This world is a very mysterious place, even if we often don’t notice it. I expect to be writing about some of the more mysterious aspects of it from time to time, to give my perspective, such as it is. One of the more mysterious aspects of it is music, in my opinion. Music can make you laugh or cry. How does it do it? Sometimes maybe the words to a song will grab you, but I think more often, it’s the music itself, and just why music should have such a powerful effect on the human nervous system is beyond me. Sometimes just one chord will grab you, sometimes an intro, or a solo. Sometimes it takes a whole song, and you don’t really know why this one, and not that one.
To talk about the powerful effects of music, I have to go back quite a few years, because I don’t listen to current music much, and when I happen to hear some, I don’t often find anything that really reaches into me.
I grew up in the 1960’s, a time that ought to still be famous for the music being made. A lot of different streams came together, and a number of musicians were influenced by a lot of different stuff. I had been hearing music all my life. My mother played us children’s music, we sang hymns, and she also played classical music. My sister was retarded, ans music seemed to soothe her, so maybe that was part of the reason she played it, but I think she would have anyway. Her mother had been musical, so she’d been exposed to music herself, and I think she wanted to pass it on to us.
So there was music playing at all hours in our house. We inherited my grandmother’s piano, and I had piano lessons for three years, but they didn’t take. What did take was the records I heard. Specifically, to begin with, Tchaikovsky’s Violin Concerto, which I began listening to consciously one night. I found it moving, so I started consciously listening to other classical music. We didn’t have anything like an exhaustive catelogue of it, but we had a fair variety, and there isn’t a lot of classical music I’ve enjoyed since that I didn’t hear at home first. And I didn’t like all of that.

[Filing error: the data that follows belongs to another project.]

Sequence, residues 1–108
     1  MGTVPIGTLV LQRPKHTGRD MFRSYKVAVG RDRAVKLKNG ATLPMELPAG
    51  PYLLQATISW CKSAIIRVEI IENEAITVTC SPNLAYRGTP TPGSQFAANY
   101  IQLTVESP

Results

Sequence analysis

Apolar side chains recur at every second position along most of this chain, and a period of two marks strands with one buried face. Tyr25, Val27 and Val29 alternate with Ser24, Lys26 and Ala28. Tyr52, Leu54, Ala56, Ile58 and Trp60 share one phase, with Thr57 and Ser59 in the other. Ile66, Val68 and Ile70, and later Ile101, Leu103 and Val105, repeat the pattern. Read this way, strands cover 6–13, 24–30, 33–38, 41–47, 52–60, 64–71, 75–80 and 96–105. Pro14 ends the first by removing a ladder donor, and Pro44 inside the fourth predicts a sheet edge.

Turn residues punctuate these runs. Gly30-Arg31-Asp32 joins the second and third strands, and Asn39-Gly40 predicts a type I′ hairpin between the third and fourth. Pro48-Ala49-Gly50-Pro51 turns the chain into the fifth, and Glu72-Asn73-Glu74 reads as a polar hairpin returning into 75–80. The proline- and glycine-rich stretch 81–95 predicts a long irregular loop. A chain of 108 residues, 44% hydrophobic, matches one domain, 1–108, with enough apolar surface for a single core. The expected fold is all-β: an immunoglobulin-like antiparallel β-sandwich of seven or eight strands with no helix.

Another mystery, as far as music goes, is why one person likes one kind of music, and another doesn’t. Some people think Bach was the greatest ever, some Mozart, others Beethoven. I never cared a lot for Bach (with occasional exceptions), or Mozart, but I loved Beethoven then, and love him still. I can’t hear everything that others hear in him, but his appeal is universal enough that a lot of people can agree about which are his best pieces. I had been familiar with his Fifth Symphony, and his Sixth, when I first heard his Ninth. I think I must still have been in elementary school then, or not far past it, but it was obvious to me that the Ninth was miles beyond the other two symphonies, as good as they were. Nowadays I don’t care that much for the Fifth, still love the Sixth, and still find the Ninth to be one of the most profound pieces of music I’ve heard. I think others agree with that estimation, though a good number find his late String Quartets to be beyond even the Ninth. I spent some time this winter listening to them, and wasn’t able to hear that in them, which doesn’t mean it wasn’t there.